Tania Crosse shares her inspiration for her new book The Candle Factory Girl, set in London.
When I was asked to write in greater detail about the inspiration for The Candle Factory Girl, I imagined it would be an easy task. However, as I gave it more consideration, I realised that the thought processes involved were far more complicated.
As a writer, creating a story is a natural journey. Real life events, memories, one’s own experiences of life twist and turn in the imagination until all falls into place, but to analyse how this actually happens can be a bit of an enigma. However, I will try my best.
I have never set a novel in London before. I know the capital a little, but I wouldn’t say I know it well, despite being a Londoner by birth and having lived there until I was five. But my memories of where we lived are vivid if limited. I remember clearly the house and garden, the street and the park, Clapham Junction Station with the steam trains hissing and spitting, and even buying plastic toy farm animals at Jon Jax Corner.
So, should I set a story in the street where we lived, Banbury Street in Battersea? I felt drawn to the idea like a magnet, but exactly what would I write about? Sadly, the Victorian terraces on the opposite side of the street from where we lived were demolished in the 1970s, but I remember them as being similar to the streets all around, and I discovered in the local reference library an historic street map showing the outline of the houses as they would have been. I could imagine the way of life, but I needed to pull together a story with a down-trodden heroine.
It was my brother, thriller writer Terence Strong, who suggested nearby Price’s Candle Factory. I had no memory of it, but being a few years older, he remembers the black smoke spewing from the factory chimneys. I immediately delved into the history of Price’s, once the biggest manufacturer of candles in the world. First of all, I learnt how the factory declined after World War II, so that was what made me choose the 1930s for the period.
Also, I couldm’t have my heroine being badly treated as a factory worker, since I discovered that from its very beginnings, Price’s had always been philanthropic towards its workers. But repetitive and stultifying for an intelligent young girl it might well have been. And when I saw an old photo of a vat of molten wax in the factory, my mind began whirling at the possibilities. So if not abuse from the factory, it needed to come from closer to home. My own childhood was an incredibly happy one, but perhaps the stability of my own life allows me to be able to write about cruelty within the family. But I always like to have a reason why my darker characters are as they are, and this is where my imagination came into play together with my knowledge of historical events.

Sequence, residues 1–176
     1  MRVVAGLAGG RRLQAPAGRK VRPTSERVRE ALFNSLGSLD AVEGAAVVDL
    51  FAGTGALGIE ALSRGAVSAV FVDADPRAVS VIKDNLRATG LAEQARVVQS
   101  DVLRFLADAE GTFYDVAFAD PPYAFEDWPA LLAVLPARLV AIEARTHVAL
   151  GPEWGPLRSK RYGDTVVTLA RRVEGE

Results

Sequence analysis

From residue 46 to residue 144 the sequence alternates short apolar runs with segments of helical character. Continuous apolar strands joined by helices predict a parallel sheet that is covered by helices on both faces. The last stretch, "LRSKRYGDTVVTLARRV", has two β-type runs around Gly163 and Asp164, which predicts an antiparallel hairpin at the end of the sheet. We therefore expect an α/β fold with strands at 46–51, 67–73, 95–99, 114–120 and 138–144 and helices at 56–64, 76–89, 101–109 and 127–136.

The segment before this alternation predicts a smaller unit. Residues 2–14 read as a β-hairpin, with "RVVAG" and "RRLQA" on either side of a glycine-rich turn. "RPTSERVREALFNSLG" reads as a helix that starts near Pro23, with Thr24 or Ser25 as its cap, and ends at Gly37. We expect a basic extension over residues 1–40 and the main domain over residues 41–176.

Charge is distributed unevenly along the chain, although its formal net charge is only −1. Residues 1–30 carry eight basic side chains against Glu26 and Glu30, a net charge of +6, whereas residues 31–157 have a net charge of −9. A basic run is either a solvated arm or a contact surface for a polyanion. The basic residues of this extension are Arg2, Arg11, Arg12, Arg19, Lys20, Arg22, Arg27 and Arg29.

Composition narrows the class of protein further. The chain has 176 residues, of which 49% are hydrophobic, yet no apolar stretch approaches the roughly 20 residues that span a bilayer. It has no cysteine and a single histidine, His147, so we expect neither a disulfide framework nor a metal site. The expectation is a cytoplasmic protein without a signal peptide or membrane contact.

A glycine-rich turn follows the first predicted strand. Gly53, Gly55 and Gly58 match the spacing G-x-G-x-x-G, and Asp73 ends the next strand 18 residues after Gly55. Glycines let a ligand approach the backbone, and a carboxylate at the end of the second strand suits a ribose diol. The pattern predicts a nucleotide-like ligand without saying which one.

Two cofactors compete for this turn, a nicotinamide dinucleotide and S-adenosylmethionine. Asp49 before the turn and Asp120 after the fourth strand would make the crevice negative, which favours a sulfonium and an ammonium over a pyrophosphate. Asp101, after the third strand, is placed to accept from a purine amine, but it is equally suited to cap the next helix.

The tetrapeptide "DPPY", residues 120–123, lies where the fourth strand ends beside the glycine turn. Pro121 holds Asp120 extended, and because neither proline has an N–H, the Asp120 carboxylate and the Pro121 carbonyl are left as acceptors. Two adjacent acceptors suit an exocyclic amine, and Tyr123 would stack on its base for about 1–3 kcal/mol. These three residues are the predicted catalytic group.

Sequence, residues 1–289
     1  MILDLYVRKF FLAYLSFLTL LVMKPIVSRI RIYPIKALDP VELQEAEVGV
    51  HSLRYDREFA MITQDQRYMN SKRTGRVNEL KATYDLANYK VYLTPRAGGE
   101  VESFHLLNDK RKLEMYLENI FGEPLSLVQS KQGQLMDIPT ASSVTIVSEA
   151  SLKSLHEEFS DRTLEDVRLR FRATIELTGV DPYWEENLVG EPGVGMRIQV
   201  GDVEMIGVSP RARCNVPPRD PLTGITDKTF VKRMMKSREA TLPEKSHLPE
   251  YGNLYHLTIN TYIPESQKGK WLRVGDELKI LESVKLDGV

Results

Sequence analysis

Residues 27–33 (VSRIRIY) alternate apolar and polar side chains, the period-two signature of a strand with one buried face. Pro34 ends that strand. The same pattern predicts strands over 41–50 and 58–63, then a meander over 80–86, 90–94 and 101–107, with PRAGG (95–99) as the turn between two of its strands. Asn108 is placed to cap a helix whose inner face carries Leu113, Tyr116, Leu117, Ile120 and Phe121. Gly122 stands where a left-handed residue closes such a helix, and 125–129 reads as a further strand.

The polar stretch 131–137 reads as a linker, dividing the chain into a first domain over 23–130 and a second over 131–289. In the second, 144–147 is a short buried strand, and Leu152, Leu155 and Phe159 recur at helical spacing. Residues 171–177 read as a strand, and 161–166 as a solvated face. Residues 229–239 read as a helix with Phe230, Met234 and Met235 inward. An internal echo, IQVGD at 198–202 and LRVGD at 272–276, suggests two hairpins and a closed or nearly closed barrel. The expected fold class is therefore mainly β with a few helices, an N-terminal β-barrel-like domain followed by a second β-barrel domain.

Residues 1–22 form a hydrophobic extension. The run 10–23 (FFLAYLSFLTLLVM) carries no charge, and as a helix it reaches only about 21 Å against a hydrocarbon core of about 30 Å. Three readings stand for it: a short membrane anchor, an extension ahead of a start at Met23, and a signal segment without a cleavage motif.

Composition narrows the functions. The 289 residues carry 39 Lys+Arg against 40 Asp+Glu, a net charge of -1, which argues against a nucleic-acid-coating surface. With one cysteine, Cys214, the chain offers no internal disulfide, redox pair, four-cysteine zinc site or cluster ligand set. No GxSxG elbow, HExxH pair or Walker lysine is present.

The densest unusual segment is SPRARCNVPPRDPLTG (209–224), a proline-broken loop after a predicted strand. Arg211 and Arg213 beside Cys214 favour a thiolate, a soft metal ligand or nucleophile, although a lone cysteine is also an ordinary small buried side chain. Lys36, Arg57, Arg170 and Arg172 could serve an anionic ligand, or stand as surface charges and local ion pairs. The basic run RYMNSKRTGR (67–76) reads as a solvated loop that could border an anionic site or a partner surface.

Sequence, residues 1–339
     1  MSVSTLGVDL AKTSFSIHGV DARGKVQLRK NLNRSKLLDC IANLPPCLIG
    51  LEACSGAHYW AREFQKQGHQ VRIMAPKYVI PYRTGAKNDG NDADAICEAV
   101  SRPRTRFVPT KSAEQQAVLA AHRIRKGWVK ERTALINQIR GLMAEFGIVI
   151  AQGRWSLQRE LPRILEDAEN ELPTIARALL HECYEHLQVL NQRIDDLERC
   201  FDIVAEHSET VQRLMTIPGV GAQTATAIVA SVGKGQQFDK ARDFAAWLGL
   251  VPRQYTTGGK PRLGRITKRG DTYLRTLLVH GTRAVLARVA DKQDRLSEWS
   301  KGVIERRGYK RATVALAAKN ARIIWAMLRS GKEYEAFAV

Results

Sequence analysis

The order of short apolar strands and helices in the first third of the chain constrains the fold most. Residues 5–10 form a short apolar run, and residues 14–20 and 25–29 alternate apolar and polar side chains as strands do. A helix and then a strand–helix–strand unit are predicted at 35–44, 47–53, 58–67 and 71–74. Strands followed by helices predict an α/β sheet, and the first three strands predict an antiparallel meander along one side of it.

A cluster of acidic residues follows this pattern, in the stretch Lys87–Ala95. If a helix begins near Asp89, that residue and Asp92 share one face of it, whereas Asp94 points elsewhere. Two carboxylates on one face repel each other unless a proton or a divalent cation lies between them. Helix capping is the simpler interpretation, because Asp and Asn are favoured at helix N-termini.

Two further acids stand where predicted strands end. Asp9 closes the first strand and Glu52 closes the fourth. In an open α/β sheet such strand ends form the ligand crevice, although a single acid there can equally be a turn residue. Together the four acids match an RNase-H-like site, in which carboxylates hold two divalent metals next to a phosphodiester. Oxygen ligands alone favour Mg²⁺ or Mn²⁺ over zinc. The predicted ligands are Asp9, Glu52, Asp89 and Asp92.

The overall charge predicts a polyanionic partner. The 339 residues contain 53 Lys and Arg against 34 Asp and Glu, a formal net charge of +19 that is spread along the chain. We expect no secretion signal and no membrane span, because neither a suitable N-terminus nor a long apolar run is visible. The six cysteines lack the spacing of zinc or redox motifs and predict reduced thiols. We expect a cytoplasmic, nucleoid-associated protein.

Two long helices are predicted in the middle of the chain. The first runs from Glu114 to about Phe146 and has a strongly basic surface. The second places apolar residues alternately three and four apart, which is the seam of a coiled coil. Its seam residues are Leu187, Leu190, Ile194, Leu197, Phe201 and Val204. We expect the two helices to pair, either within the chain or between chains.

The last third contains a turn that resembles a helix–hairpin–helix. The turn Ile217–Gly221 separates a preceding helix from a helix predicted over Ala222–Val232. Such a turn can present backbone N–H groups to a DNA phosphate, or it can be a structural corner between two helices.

In one of my Dartmoor stories, Lily’s Journey, the heroine hails from London, and although I didn’t name it, in my mind, she had lived in Banbury Street in our house. In that earlier book, Lily loses contact with a childhood friend, and I had once thought of penning a sequel whereby we learn why this friend disappears. My idea was that, through no fault of her own, she becomes caught up with some gangsters involved in dodgy diamond dealing and the like.
So why not use that as another thread to the storyline here? Finally, romance. Yes, of course it has to be a major feature in a saga, but yet again, conflict of emotions is a necessity. Two men in the heroine’s life, but does she have to choose, does fate choose for her, or is it neither of those? You’ll have to read the book to find out! So, the street, Battersea Park as much part of my characters’ lives as it was mine, Price’s, even the banana arches at the back entrance to Clapham Junction, so creepy if you went that way on a dark, murky evening – I remember that distinctly – all jumbled up together and yet emerging as a logical and, I hope, compelling story for you to enjoy. And if you do, guess what? My next novel is set in Banbury Street, too!
1930s London – A backstreet saga full of hopes, dreams and the fight for survival.
Work at Price’s Candle Factory in Battersea is tedious for intelligent, seventeen-year-old Hillie Hardwick, but she knows she is lucky to have a job at all.
Her home life is no better, as she constantly battles with her exacting and bullying father in order to protect her mother and five younger sibling s from his abuse. Her only solace is her loving relationship with the chaotic Parker family and her best friend, Gert Parker.
When matters violently escalate for Hillie, smitten Jack-the-Lad Jimmy Baxter seems her only salvation. But could this be the biggest mistake of her life, and should she be looking for protection nearer home?
A story that crackles with unease where courage and friendship are the only hope.
Tania Crosse delayed her childhood dream of writing historical novels until her family had grown up, She eventually completed a series of published stories based on her beloved Dartmoor. She is now setting her future sagas in London and the south east.